Before 1990 my interest in social issues was sporadic, and my views were run-of-the-mill. But I do remember very clearly, during our time in Boston, reading an article in Newsweek magazine that gave me my first clue that something, somewhere was seriously out of whack. It mostly discussed what they portrayed as a growing problem, namely the number of students who were sleeping through most of the school day because they were exhausted from their night jobs working retail.
Now, I was newly married at the time, and my thoughts on how teenagers should be raised were vague. I did think that it would be good if they held down a part-time job, because (a) I hadn’t, and as a result wasted a lot of time; (b) I thought that high school was a waste of time, mostly a way of keeping cheap labor off the market, and so I figured that time spent working had to be more productive than time spent in school; (c) I thought that working would do more to build a teen’s character than attending school.
Two things about the article stuck with me long after I read it. First, although it presented exhausted, sleeping students as a problem, the article never made it clear why this was a problem, i.e. the fact that these students slept through most of the day didn’t have any observable effect on their studies. Although I thought that high school was a waste of time, I was surprised to see that it was a complete waste of time.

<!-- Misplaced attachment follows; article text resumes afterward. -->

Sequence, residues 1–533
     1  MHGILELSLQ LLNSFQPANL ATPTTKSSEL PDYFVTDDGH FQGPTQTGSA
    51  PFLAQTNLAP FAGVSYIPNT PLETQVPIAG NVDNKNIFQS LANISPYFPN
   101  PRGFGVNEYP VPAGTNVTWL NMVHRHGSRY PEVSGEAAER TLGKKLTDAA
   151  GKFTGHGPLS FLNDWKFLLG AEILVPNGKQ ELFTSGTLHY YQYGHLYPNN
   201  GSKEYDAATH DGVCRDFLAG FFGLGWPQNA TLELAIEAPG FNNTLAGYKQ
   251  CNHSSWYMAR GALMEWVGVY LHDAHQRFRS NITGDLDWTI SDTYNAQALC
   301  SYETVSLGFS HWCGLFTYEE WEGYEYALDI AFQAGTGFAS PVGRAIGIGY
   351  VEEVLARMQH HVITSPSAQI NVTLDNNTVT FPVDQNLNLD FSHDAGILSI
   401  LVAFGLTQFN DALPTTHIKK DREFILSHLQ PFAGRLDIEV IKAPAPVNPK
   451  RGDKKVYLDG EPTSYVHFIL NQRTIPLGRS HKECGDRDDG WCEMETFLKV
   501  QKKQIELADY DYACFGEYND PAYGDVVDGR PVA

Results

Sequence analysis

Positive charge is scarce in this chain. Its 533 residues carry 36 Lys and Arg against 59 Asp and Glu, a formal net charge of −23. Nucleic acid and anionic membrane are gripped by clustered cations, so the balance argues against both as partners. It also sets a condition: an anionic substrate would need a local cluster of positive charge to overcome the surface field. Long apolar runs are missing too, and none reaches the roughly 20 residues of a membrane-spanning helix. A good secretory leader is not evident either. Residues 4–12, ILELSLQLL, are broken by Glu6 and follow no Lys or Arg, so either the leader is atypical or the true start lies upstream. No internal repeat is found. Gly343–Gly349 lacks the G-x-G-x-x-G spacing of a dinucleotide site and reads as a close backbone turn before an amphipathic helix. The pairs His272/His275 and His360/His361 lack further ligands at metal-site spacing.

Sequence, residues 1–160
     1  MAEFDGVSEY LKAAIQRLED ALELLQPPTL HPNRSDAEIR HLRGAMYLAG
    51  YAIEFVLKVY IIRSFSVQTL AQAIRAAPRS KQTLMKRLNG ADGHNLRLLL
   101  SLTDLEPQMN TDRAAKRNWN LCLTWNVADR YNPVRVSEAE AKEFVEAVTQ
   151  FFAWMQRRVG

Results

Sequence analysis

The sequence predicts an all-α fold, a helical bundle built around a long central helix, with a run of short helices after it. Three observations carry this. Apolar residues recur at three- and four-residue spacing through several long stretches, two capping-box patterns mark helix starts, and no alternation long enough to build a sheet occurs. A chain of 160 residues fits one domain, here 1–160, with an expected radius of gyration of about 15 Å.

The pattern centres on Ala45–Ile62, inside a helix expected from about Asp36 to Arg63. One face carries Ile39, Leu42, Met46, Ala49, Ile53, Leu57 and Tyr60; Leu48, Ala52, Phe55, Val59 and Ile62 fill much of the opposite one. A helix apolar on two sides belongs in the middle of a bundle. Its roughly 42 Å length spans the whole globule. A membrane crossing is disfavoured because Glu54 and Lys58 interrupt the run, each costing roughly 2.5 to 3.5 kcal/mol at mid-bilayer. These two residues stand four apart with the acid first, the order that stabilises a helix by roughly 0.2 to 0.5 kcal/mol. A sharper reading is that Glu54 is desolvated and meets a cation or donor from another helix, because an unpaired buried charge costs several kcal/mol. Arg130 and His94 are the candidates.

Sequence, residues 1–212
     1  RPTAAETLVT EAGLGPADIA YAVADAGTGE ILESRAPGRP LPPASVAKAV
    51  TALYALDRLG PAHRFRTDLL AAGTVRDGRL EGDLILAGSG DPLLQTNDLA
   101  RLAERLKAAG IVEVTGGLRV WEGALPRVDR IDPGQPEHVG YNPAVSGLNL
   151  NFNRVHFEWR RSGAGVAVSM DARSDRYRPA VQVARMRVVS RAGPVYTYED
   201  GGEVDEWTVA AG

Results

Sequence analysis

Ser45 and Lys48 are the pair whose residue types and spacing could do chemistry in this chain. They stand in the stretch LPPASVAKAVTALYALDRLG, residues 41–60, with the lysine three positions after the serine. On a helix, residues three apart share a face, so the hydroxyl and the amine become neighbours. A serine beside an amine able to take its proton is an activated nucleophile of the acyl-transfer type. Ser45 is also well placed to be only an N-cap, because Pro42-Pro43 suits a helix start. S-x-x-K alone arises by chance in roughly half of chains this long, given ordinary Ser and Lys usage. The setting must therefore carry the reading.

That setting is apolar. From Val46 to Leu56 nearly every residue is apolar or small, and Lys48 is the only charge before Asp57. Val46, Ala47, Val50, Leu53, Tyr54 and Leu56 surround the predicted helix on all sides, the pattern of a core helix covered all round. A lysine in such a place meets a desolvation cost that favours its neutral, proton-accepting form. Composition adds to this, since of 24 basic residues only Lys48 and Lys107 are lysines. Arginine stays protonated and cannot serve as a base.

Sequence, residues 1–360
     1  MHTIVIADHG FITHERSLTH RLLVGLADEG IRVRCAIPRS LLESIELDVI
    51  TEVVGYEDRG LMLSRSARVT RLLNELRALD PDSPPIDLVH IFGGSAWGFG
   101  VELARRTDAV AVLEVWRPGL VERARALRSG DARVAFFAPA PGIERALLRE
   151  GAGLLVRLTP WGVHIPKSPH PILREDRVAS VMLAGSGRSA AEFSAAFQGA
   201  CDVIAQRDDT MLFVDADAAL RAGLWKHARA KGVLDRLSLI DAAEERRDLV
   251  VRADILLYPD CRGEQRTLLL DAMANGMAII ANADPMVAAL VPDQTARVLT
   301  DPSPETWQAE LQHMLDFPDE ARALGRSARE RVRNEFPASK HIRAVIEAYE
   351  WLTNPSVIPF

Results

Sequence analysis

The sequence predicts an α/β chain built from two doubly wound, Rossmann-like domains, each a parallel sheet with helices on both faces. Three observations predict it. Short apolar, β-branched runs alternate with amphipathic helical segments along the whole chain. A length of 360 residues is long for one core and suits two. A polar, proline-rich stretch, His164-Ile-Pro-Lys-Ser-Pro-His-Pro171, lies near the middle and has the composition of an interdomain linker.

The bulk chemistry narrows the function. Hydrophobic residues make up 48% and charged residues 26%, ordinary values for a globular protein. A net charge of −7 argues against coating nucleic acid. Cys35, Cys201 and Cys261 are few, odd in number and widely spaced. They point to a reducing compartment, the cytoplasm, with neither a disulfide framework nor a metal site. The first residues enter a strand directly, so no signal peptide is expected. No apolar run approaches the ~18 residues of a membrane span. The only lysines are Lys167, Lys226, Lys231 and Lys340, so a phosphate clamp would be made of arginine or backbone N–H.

Second, I was shocked at the descriptions of how the teens spent the money they earned at their jobs. Recall that at this time running shoes were popular, and none too cheap; well, one girl proudly posed for a photograph in front of her closet, which contained seventy-five pairs of running shoes. It wasn’t the foolishness of so many shoes that shocked me—it was the fact that she could afford such extreme frivolity while working a low wage job at a McDonalds.
I think I wasn’t cynical enough at that time to understand what was actually going on in this situation. Neil Postman taught me to look more deeply when searching for economic motivations, when he explained the economics of commercial television this way: the advertiser is the buyer, the television network is the seller, and you are the product. Since then, when puzzled about social or economic arrangements I’ve tried to think long and hard about the question, Cui bono? (Who benefits?).
So, who benefits in this case?
The school system, which gets paid for warehousing these teenagers, whether awake or asleep.
Parents, whose teenagers are too busy working and spending to get into serious trouble.
Older laborers, who might otherwise suffer competition from teenagers if they were allowed to work reasonable jobs at reasonable hours.
The economy, which needs a constant stream of new consumers who have been trained to see food and shelter as givens and frivolous luxuries as essentials.
You and me, who would otherwise be paying twice as much for our hamburgers at fast-food emporia staffed by employees who actually expected a living wage.